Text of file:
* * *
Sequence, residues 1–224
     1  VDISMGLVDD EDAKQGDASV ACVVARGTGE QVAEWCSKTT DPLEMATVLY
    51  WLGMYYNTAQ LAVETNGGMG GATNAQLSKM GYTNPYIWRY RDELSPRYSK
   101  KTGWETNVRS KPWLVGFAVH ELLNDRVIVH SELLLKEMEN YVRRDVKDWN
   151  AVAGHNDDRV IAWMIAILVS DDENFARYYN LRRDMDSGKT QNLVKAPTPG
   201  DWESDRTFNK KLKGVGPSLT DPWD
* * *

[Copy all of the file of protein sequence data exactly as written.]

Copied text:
Sequence, residues 1–224
     1  VDISMGLVDD EDAKQGDASV ACVVARGTGE QVAEWCSKTT DPLEMATVLY
    51  WLGMYYNTAQ LAVETNGGMG GATNAQLSKM GYTNPYIWRY RDELSPRYSK
   101  KTGWETNVRS KPWLVGFAVH ELLNDRVIVH SELLLKEMEN YVRRDVKDWN
   151  AVAGHNDDRV IAWMIAILVS DDENFARYYN LRRDMDSGKT QNLVKAPTPG
   201  DWESDRTFNK KLKGVGPSLT DPWD